• May 17th 2006, 10:45 PM
bobby77
Solve the initial value problem dy/dx = (x – 4)^4 where y(1) = 1.
• May 18th 2006, 01:54 AM
CaptainBlack
Quote:

Originally Posted by bobby77
Solve the initial value problem dy/dx = (x – 4)^4 where y(1) = 1.

The fundamental theorem of calculus tells us that all the functions
whose derivative is $\displaystyle (x-4)^4$ are of the form:

$\displaystyle y(x)=\int_0^x (u-4)^4 du + C$

So to solve this you need to do the integral, then plug in the initial condition
to determin the value of constant that you require.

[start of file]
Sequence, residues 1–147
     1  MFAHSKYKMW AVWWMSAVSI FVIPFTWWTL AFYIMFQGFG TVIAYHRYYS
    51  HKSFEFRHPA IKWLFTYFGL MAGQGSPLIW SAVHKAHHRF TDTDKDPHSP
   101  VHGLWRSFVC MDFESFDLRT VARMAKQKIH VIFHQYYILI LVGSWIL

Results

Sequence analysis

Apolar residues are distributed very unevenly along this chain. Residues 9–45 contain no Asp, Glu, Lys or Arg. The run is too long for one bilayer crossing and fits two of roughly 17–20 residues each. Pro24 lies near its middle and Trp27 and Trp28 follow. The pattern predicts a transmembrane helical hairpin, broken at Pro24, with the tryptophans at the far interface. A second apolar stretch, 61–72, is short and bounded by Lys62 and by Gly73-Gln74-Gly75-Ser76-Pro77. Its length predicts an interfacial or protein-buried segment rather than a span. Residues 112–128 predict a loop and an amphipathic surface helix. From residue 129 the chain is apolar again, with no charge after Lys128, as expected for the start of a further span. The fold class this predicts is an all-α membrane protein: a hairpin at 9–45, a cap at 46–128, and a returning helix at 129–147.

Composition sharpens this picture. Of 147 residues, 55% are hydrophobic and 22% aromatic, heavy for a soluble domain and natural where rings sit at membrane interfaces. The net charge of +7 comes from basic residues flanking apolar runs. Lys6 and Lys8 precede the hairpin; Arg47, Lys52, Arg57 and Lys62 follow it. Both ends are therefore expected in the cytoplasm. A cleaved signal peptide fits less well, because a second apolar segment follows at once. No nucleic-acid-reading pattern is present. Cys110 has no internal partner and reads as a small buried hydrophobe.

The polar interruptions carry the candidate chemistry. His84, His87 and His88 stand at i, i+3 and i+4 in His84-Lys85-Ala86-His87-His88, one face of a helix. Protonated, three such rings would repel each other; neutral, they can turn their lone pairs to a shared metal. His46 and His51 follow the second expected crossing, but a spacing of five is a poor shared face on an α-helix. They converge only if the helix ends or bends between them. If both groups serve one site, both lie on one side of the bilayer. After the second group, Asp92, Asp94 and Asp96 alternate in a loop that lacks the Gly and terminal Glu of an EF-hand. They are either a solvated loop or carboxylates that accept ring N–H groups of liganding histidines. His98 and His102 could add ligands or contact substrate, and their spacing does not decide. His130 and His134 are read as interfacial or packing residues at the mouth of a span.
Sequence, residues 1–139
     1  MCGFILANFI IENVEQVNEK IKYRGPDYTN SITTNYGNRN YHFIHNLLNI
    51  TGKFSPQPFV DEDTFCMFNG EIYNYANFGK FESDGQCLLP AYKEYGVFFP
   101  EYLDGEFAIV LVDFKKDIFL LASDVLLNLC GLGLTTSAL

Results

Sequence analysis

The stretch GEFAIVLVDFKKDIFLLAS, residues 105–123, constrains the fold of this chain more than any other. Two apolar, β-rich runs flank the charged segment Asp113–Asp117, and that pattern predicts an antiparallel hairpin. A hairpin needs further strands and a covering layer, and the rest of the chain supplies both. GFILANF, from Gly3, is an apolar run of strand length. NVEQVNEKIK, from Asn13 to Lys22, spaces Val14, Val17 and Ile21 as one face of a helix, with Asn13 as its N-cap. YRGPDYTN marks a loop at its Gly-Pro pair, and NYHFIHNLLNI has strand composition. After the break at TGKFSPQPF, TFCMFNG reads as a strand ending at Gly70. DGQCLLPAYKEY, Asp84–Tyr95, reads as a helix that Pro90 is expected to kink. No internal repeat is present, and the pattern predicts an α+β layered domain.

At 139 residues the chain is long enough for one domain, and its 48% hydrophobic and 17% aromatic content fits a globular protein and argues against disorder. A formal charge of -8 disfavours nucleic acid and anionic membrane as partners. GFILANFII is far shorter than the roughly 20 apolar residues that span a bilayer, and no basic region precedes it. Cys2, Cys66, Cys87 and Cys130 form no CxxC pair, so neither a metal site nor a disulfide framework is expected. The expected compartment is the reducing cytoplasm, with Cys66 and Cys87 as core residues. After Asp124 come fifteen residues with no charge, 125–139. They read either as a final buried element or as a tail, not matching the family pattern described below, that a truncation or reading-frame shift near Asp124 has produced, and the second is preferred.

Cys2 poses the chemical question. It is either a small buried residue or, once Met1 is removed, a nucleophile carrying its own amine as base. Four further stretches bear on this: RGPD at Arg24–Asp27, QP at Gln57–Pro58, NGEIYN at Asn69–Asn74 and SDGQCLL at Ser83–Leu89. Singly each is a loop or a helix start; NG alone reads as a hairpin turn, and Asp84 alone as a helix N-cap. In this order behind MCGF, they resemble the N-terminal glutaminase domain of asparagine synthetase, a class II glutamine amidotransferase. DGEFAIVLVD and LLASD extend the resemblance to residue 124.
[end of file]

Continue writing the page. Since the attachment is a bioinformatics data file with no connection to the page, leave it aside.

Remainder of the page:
RonL
• May 18th 2006, 03:10 AM
ticbol
Quote:

Originally Posted by bobby77
Solve the initial value problem dy/dx = (x – 4)^4 where y(1) = 1.

"...where y(1) = 1"
That means when x=1, then y=1.

dy/dx = (x-4)^4
y = (1/5)(x-4)^5 +C
So, when x=1, and at the same time, y=1,
1 = (1/5)(1 -4)^5 +C
1 = (1/5)(-3)^5 +C
1 = (1/5)(-243) +C
Clear the fraction, multiply both sides by 5,
5 = -243 +5C
5 +243 = 5C
C = 248/5

Therefore,
y = f(x) = (1/5)(x-4)^5 +248/5
y = f(x) = (1/5)[(x-4)^5 +248] ------------answer.